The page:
Deer leaping gracefully over a fence, or elk silhouetted against a setting sun, or geese describing a V against a cerulean prairie sky — all those sights bring pleasure and a sense of peace to those with the good fortune to see them.
Such bucolic encounters with wildlife are a fringe benefit of rural life and a less frequent but no less enjoyable event for town or city dwellers.
Rare is the farmer or rancher who doesn’t enjoy seeing nature’s beasts in their natural habitat; a habitat often provided and protected by landowners themselves.
But deer, elk and geese also eat feed in stacks, swaths and grain piles that were destined for livestock. Ungulates can damage fences and compete for pasture. Carnivores such as coyotes, wolves, cougars and bears prey on calves, lambs and other stock, and can damage granaries, silage bags and bee yards.
There is a price paid by those who host wildlife on their agricultural property, yet relatively little compensation is available.
Some would argue that a certain amount of wildlife damage is just a cost of doing business for farmers and ranchers. It’s part of owning and managing property.
Farmers and ranchers are likely to reject that argument. They may point out the value of the habitat, water sources and environmental diversity that they maintain, all of which make wildlife habitation possible.
And they might legitimately ask what that service and supply are worth to the public.
That very juxtaposition is what will make the outcome of an Alberta survey, now underway, so interesting.
Jointly developed by Alberta Beef Producers and the Miistakis Institute, the survey on the economic impact of wildlife on beef producers includes this key question: “As part of doing business, I am willing to accept a loss each year due to wildlife of (fill in the blank) percentage of the total income earned from my beef operation.”
Some will say zero. Some won’t. The survey is anonymous, which is expected to encourage candour.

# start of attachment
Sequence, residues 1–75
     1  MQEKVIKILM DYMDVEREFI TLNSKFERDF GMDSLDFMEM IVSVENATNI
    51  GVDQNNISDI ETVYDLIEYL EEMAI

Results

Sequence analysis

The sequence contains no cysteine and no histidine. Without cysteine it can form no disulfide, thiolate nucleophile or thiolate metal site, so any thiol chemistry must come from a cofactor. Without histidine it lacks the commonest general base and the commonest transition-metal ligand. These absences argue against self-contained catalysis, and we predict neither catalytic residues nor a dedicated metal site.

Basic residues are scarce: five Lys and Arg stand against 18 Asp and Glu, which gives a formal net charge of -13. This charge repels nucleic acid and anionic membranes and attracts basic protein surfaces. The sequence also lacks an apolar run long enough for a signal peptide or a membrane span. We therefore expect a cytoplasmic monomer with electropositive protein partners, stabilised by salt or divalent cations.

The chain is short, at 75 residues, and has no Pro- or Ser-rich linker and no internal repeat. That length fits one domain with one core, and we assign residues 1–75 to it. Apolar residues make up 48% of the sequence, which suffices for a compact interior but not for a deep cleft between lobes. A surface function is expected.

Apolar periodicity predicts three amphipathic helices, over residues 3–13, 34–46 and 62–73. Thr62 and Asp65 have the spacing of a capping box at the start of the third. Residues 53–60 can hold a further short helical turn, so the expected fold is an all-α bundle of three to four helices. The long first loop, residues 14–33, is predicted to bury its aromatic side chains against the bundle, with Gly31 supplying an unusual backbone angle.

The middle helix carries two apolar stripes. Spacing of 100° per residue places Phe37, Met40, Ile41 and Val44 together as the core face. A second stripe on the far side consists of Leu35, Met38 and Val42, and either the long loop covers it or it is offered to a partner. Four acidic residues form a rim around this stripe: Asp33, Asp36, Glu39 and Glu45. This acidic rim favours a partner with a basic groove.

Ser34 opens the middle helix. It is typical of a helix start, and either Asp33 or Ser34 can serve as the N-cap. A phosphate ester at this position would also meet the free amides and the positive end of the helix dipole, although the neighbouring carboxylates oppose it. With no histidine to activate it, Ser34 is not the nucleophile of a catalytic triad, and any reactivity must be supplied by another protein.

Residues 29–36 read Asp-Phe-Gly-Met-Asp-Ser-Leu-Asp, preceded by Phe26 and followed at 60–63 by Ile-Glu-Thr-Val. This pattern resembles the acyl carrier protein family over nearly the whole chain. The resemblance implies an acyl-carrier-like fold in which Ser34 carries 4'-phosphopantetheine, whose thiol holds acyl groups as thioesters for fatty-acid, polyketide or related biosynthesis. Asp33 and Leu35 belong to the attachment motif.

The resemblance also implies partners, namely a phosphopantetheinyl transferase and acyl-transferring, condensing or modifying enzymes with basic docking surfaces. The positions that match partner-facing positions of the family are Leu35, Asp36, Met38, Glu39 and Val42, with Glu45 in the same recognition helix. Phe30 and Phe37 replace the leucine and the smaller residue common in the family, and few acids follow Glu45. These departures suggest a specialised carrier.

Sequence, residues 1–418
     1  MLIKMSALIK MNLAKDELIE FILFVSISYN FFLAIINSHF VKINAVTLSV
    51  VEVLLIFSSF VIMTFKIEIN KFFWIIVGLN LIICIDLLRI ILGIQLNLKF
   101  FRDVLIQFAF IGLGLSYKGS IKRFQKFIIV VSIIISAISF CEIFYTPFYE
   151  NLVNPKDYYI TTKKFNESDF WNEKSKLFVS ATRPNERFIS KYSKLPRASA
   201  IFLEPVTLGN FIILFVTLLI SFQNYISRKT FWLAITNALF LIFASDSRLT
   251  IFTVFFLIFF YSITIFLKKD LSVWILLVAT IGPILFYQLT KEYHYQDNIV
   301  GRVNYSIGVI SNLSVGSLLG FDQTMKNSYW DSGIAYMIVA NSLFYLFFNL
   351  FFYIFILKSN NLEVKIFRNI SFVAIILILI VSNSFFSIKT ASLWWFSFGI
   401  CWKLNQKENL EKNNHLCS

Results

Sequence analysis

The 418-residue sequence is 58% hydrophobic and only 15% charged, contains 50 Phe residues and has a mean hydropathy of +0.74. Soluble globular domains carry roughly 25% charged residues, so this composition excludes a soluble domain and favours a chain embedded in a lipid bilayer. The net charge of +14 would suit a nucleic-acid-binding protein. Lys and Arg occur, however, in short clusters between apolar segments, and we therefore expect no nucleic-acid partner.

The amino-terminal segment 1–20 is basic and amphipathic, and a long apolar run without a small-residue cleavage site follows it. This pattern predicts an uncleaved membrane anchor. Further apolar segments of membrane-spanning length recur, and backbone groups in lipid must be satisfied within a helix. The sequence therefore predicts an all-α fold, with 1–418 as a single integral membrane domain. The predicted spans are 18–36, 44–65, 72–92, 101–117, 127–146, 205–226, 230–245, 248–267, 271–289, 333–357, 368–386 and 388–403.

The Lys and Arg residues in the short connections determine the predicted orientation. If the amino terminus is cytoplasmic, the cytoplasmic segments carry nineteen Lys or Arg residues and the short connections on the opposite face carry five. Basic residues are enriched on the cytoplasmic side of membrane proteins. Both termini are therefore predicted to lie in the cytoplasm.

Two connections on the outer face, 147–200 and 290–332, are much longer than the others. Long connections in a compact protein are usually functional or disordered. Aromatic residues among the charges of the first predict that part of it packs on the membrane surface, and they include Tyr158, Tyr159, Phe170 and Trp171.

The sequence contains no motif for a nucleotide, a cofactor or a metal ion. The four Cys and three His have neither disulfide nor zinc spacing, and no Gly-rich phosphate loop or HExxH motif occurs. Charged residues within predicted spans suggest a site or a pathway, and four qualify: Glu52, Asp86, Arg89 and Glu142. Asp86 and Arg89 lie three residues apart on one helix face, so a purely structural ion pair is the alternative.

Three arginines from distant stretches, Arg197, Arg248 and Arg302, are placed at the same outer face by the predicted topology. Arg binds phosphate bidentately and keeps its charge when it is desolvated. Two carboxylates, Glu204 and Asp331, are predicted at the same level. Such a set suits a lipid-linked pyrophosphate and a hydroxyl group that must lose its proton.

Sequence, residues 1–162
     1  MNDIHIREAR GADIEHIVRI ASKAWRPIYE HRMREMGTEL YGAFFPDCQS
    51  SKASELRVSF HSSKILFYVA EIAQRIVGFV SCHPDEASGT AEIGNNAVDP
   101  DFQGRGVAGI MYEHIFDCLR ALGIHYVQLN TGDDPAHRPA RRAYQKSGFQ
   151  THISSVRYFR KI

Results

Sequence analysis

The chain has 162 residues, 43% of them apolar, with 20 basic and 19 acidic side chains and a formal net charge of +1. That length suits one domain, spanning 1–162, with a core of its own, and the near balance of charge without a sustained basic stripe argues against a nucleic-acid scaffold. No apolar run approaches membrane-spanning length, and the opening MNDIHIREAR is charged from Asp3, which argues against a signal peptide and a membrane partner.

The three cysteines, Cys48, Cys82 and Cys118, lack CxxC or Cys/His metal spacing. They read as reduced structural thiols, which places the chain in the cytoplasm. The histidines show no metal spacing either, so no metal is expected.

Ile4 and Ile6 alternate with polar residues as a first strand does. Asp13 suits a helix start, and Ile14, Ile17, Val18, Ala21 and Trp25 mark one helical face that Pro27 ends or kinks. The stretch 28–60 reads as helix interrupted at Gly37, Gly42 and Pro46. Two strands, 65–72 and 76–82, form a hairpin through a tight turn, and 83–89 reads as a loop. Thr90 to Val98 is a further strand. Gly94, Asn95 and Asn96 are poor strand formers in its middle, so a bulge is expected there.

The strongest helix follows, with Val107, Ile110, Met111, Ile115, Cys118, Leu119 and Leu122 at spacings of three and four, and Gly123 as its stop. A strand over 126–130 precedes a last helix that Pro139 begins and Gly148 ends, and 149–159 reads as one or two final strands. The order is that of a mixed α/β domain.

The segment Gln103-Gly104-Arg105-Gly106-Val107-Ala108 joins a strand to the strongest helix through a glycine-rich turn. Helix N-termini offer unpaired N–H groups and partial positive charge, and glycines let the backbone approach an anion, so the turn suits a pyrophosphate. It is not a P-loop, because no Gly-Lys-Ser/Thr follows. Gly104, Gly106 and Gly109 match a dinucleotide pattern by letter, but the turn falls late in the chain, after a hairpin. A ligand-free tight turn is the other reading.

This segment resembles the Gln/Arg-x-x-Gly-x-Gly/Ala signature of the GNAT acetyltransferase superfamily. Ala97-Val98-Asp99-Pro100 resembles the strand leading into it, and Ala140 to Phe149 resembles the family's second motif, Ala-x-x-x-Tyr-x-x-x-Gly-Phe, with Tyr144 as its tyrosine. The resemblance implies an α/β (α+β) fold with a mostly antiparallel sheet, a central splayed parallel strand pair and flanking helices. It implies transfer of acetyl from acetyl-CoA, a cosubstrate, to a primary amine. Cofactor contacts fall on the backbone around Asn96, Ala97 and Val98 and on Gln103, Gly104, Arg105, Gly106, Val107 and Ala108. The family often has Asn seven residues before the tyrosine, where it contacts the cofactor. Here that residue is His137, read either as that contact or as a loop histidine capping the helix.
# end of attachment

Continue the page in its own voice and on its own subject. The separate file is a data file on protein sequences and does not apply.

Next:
The answer, coupled with the actual costs that producers assess in connection to wildlife damage, will bring hard numbers to the table. It will show producers’ degree of willingness to cope with wildlife in their operations.
Hopefully, it will also indicate the true expense borne by those surveyed, given that wildlife damage is thought to be under-reported.
After all, who wants to bother itemizing every broken fence or damaged grain bag that allows feed to moulder?
Statistically sound data could lead the way to improved compensation plans. It could open the door to more meaningful discussions on how many deer or elk or bears or wild widgets are sustainable on the modern landscape.
Further, it might allow various groups to begin work on a plan to recognize the ecological goods and services provided by farmers and ranchers.
Such a plan has been discussed at many levels but few have been able to envision how it could work and what level of benefit it would have to producers, wildlife and the public.
However, the difficulty shouldn’t discourage the effort. A workable plan could have application across the Prairies.
All those possibilities are admittedly too much for one survey to shoulder. The point is that a compilation of actual costs, and data on producers’ willingness to bear them, are vital to future policies regarding wildlife and how it interacts with agriculture.
Demands on the landscape are heavy. With more data, planning and foresight, deer can continue to gracefully leap through the landscape and grizzly bears can continue to do what they do in the woods.
Producers and the public will be the richer for it.